Hunting Facts
Hunting Facts

49 Targeted Hunting Facts

By Madeline Thatcher, Associate Writer
Published April 25, 2019
  • Archaic humans began hunting around 3 million years ago, and it has remained a part of our civilization since then.[10]
  • When archeologists discovered early evidence of our human ancestors' hunting activities, it became clear that adding meat to the diet meant big changes for early Homo sapiens. For example, skeleton size increased soon after, suggesting meat was important for evolution.[4]
  • Researchers believed early humans waited in trees for their prey to pass underneath, rather than chase after animals the way hunters in the classical and Renaissance periods generally did.[7]
  • Bows and arrows were a universal method of hunting, except in Australia.[5]
  • Hunting Men Facts
    Weapon choices vary, but a bow and arrow are fairly traditional
  • Blowpipes, or blow guns, are some of the most dangerous weapons a hunter can use.[5]
  • The Australian boomerang, now a popular toy and tourist gift, was originally a tool used for hunting.[5]
  • When early humans hunted bigger game, like antelopes, they chose to eat only adults, leaving behind younger and older animals in the herd.[7]
  • Hunting may have helped establish traditional gender roles, as males were forced to learn to hunt more efficiently in order to feed their female mates and offspring.[2]
  • When agriculture was introduced about 11,000 years ago, hunting became less important as people dedicated more time to cultivating crops.[10]
  • Hunting is still important for people who live in areas where farming is impossible or very difficult, such as rainforests in South America or jungles in Southeastern Asia.[10]
  • Artemis, daughter of Zeus, was the virgin Greek goddess of the hunt.[11]
  • Diana, the Roman equivalent of Artemis, guarded forests and the animals who lived there.[11]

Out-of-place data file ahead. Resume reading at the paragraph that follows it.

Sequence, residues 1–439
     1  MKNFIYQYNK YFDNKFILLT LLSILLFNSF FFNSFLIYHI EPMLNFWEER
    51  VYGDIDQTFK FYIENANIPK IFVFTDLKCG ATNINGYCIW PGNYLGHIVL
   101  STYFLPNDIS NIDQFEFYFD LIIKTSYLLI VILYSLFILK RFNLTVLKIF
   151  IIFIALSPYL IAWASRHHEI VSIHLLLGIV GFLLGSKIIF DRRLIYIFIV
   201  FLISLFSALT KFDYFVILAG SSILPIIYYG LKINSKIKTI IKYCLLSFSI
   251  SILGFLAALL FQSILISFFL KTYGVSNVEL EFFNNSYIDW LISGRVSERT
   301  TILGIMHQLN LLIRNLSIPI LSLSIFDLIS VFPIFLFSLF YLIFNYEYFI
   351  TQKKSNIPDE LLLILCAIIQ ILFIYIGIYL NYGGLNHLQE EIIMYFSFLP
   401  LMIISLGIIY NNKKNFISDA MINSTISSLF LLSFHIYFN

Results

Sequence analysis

• Mixcoatl was the Aztec god of hunting. To ensure a prosperous hunting season, the Aztecs performed human sacrifices.[11]
  • Aztec Hunting Sacrifice
    Aztecs often made humans sacrifices to ensure the favor of the gods (we're curious about how they hunted those animals)

  • Dogs were most likely trained to hunt alongside humans in the early Neolithic era, and some breeds were developed to hunt specific animals.[5]
  • Horses were raised to hunt starting in 2nd millennium.[5]
  • In ancient Egypt, hunters were a separate class, often hunting for nobles and aristocrats as well as on their own.[5]
  • The use of hunting dogs can be traced back to ancient Egypt, where greyhounds were used to track gazelles.[5]
  • “Coursing” is the use of hounds in hunting.[5]
  • “Gun dogs” are dogs that hunt by scent and sight, and both fetch birds after they have been killed as well as sighting them before. Setters, spaniels, and pointers are the most common "gun dog" breeds.[5]
  • During the Middle Ages, hunting as a sport was reserved for the rich and done on private lands owned by aristocrats.[10]
  • Some hunting techniques in the early modern era involved putting animals in an enclosed space and allowing them to be killed outright with little effort.[6]
  • In many early Northern European tribes, slaves were forbidden from hunting since they were not allowed to own weapons or bear arms.[5]
  • Hunting with firearms began in the 16th century.[5]
  • The perils of duck hunting are great - especially for the duck.

    - Walter Cronkite

  • In 1515, the French government made hunting and poaching illegal for peasants.[10]
  • Punishments for peasants who hunted on grounds owned by nobles included being sewn into a deerskin and chased by hunting dogs, who would kill the prey upon capture.[8]